This is Salmata Diallo. She rocks my socks and is excellent conversation - a natural teacher. She teaches french. On the 11th she is scheduled to give birth to her first child!! Soon there will be two babies in my courtyard. For those of you who are curious about birth practices in Burkina, there are both extremes. The real villagers have been known to give birth wherever and whenever the moment strikes - alongside the road, at home, in the market etc. Some women choose to walk out into the bush to do it alone. More and more there are women who go to the local clinics to give birth. There are also those women (mostly functionaires - or people with real jobs i.e. not farmers) like Mme Diallo who have their babies in hospitals and get sonagrams and receive pre-natal care.

This is Mariam Konate, the school secretary and Salmad's mother. She is loud and funny and a mooch.

The only person not pictured is David, the school vice-principal and my duplex mate. He is not pictures because he is almost never around - i think that is in part because he works a lot but also because he is one man living with four women. Who can blame him? At least he never has to cook or do his laundry. Just to give you an idea of the ethnic diversity in the country all five of us are of different etnicities. I'm white, Mariam and Salmad are Djoula, David is Mossi, Mme Diallo is Peuhl, and Konate and Bienvenue are of a tiny ethnicity that I can neither pronounce or spell.

Random pictures of life in Burkina

So I was just walking to my marche one day at noon minding my own business etc. you know like you do . . . when I walked by my local chiefs house (he lives like a 2 minute walk from my house). Outside were two men dressed in traditional gard with the big cloth head wrap and heavy cotton robes astride equally tarted up horses. To have a horse is Burkina is a big deal - they are expensive animals that take a lot of water, food, and more water. But they have a lot of social and historical significance to the various ethnic groups. I asked some students who were standing around what was going on. What with the fancy horses and all the drumming and women ululating I thought maybe there was some kind of holiday i was unaware of etc. But the students were equally amused and interested as I was and just said that the neighborhood chief was celebrating just to celebrate. Ok i thought. Snapped some pics and went to the market. At lunch there was some crazy 15 minute bar fight at my lunch place where i eat rice and peanut sauce every market day. Seriously, there were like 6 people involved, men and women. One lady even chased the bar man with a machete. It was nuts. Certainly one of those experiences that assures me (for better or worse) just how used to Burkina and confident in my surroundings I've become because i was just watching that crazy bar fight eating my rice as if I were in a movie theater eating popcirn in an action movie (mental image of Eddie Izzard munching popcorn while talking about The Great Escape versus A Room With a View etc). Be assured no one was injured. Apparently the bar lady was asked to serve someone and she refused. That was what the 15 minute brawl was about. I consider bar fights of this nature out of character for Burkinabe - they prefer naps to fights.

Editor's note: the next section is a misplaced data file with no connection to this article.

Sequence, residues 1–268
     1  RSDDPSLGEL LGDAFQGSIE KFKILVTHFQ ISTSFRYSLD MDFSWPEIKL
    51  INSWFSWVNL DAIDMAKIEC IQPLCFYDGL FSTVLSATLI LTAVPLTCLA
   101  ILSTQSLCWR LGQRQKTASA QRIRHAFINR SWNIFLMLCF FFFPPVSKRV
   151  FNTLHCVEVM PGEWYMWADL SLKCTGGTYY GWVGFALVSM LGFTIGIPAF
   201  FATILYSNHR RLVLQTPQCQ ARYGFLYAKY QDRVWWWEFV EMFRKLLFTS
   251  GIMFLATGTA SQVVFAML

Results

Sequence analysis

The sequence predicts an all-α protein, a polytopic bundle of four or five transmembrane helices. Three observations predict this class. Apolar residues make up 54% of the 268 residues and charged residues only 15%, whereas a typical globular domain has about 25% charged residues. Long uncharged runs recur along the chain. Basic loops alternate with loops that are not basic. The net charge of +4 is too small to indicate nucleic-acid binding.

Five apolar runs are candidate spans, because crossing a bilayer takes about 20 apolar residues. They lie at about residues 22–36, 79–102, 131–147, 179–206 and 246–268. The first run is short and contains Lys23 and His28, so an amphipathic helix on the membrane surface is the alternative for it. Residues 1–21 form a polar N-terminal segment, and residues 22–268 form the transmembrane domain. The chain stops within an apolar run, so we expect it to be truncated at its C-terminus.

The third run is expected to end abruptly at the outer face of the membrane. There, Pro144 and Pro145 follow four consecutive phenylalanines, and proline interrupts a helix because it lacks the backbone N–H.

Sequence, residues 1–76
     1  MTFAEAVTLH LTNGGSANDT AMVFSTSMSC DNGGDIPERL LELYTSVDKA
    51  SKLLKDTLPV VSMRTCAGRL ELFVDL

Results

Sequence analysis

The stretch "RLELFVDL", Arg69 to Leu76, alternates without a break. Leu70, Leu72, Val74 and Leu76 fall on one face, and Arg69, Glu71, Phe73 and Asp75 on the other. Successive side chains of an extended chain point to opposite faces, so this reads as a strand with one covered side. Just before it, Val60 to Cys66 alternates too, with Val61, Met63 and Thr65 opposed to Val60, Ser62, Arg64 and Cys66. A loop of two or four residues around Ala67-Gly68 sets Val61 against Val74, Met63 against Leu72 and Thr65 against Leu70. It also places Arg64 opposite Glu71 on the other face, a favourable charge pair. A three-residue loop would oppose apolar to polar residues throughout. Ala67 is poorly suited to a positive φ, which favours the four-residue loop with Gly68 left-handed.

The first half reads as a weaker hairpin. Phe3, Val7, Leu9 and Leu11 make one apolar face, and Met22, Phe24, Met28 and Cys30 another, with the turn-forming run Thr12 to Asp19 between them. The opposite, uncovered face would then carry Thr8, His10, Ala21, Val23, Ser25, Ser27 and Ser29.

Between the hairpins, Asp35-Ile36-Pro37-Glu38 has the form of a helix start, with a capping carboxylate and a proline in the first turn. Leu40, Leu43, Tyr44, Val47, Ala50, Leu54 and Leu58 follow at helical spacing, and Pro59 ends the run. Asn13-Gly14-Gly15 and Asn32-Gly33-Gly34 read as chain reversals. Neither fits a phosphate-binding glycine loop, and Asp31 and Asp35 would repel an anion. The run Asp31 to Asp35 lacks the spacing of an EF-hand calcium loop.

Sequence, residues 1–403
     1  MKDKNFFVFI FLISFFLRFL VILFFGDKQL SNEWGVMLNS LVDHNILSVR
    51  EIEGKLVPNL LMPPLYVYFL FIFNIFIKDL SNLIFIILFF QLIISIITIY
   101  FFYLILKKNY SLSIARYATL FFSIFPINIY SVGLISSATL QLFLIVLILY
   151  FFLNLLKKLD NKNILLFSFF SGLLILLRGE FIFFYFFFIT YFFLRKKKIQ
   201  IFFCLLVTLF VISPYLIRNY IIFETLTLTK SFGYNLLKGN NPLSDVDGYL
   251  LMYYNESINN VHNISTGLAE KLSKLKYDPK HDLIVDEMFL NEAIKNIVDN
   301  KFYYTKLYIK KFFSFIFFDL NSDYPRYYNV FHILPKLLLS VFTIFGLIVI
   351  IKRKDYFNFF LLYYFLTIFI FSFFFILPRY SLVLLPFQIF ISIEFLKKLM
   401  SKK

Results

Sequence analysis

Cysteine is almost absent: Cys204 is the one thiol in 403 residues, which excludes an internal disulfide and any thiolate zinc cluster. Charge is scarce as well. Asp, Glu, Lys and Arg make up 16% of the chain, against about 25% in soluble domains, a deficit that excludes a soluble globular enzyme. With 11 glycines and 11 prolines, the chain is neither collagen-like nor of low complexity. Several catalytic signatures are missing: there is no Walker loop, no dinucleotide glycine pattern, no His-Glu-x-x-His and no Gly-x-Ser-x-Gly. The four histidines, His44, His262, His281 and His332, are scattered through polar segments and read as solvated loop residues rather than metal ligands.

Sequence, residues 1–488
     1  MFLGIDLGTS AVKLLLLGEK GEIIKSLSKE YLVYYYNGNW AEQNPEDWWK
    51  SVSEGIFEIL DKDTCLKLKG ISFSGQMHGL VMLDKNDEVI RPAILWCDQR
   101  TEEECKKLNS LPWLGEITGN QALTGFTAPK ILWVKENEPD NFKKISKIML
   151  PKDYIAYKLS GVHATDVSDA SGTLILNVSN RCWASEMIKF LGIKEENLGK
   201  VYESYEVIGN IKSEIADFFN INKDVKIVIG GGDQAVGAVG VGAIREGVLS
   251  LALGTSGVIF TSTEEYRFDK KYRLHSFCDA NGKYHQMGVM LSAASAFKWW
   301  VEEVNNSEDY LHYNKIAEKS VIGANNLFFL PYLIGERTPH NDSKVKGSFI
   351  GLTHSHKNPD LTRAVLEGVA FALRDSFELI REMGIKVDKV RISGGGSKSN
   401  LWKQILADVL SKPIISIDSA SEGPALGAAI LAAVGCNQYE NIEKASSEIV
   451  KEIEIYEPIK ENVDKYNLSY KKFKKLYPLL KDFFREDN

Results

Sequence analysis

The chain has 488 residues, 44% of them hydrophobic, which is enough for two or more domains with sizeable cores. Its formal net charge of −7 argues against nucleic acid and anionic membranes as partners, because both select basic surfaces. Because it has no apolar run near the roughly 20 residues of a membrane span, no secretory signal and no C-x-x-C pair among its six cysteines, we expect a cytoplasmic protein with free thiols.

Another picture of the same thing. Obviously.

That is just dangerous. Dont worry mom, when i ride in these cargo trucks i always ride in the cab.

Tabaski (the Muslim holiday 40 days after Ramadan) is the 8th and so sheep are a hot commodity right now. Actually, the bus station attendants had written this sheeps destination on his horns before putting him up top like common cargo. Once, when Mary Elizabeth and I were in Bobo-Dialosso taking a bus to head back to Ouagadougou, I was busy discussing something with a bus attendant while MEP was watching the guys load up the bus. Among the rice sacks and motos were a momma goat and some baby goats that they were just shoving under the bus, again like common cargo. Anyway, I was watching MEP from afar to see what her reaction was . . . she looked a bit disturbed. We ended up sitting in the seats directly above the goat family and could feel their eeeeehh's vibrating under our feet. In america we are so far removed from the living aspect of the animals we eat - you just pick up the lovely pink tenderloin from the butcher. You dont ride on a bus with it first. I actually dont know which method i prefer.